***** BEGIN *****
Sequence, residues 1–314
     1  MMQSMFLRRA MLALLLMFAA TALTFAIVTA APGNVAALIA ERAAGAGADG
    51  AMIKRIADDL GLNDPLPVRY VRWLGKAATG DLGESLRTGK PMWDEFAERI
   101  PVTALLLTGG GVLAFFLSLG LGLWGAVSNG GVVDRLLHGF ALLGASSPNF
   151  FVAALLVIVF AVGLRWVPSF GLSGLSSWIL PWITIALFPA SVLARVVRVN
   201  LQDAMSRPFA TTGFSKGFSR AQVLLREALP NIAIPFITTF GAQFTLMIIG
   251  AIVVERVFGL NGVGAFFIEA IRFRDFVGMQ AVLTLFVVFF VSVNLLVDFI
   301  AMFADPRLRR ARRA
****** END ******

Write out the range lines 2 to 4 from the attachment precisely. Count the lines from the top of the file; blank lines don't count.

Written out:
     1  MMQSMFLRRA MLALLLMFAA TALTFAIVTA APGNVAALIA ERAAGAGADG
    51  AMIKRIADDL GLNDPLPVRY VRWLGKAATG DLGESLRTGK PMWDEFAERI
   101  PVTALLLTGG GVLAFFLSLG LGLWGAVSNG GVVDRLLHGF ALLGASSPNF